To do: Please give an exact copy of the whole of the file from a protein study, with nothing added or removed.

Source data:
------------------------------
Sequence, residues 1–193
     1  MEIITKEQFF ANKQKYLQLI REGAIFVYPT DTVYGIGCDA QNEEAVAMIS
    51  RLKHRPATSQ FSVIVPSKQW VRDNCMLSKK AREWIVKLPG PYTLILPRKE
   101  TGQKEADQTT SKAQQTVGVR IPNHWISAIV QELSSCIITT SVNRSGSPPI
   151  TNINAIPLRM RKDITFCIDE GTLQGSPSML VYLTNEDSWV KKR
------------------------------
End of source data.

Sequence, residues 1–193
     1  MEIITKEQFF ANKQKYLQLI REGAIFVYPT DTVYGIGCDA QNEEAVAMIS
    51  RLKHRPATSQ FSVIVPSKQW VRDNCMLSKK AREWIVKLPG PYTLILPRKE
   101  TGQKEADQTT SKAQQTVGVR IPNHWISAIV QELSSCIITT SVNRSGSPPI
   151  TNINAIPLRM RKDITFCIDE GTLQGSPSML VYLTNEDSWV KKR